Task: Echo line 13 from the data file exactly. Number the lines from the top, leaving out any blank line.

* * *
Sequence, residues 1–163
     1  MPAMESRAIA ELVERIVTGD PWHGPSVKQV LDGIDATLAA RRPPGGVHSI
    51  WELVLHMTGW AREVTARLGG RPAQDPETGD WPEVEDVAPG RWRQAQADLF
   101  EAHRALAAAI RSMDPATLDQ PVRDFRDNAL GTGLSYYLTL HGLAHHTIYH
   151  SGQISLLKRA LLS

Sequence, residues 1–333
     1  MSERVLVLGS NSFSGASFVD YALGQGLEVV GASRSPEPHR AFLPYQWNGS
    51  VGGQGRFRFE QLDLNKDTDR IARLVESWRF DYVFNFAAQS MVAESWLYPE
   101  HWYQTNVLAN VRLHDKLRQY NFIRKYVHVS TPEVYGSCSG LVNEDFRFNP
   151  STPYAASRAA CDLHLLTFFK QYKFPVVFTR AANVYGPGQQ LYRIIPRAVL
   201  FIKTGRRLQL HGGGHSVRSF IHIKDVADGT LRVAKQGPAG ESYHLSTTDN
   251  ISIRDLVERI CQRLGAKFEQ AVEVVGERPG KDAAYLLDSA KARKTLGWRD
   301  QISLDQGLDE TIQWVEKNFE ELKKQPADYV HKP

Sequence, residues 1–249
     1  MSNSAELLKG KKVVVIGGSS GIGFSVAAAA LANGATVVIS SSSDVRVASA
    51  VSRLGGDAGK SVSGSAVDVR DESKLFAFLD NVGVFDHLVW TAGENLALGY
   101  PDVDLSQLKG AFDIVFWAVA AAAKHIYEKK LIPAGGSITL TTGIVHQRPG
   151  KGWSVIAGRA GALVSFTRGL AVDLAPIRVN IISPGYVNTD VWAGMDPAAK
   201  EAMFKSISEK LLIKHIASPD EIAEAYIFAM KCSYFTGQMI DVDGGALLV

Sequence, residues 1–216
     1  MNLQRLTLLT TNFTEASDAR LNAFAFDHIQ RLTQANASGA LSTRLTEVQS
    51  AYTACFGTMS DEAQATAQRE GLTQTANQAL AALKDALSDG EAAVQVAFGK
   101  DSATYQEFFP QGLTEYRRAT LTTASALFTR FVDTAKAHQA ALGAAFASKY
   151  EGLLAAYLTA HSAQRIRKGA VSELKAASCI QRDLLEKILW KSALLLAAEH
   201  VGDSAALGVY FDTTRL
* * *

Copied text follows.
   301  QISLDQGLDE TIQWVEKNFE ELKKQPADYV HKP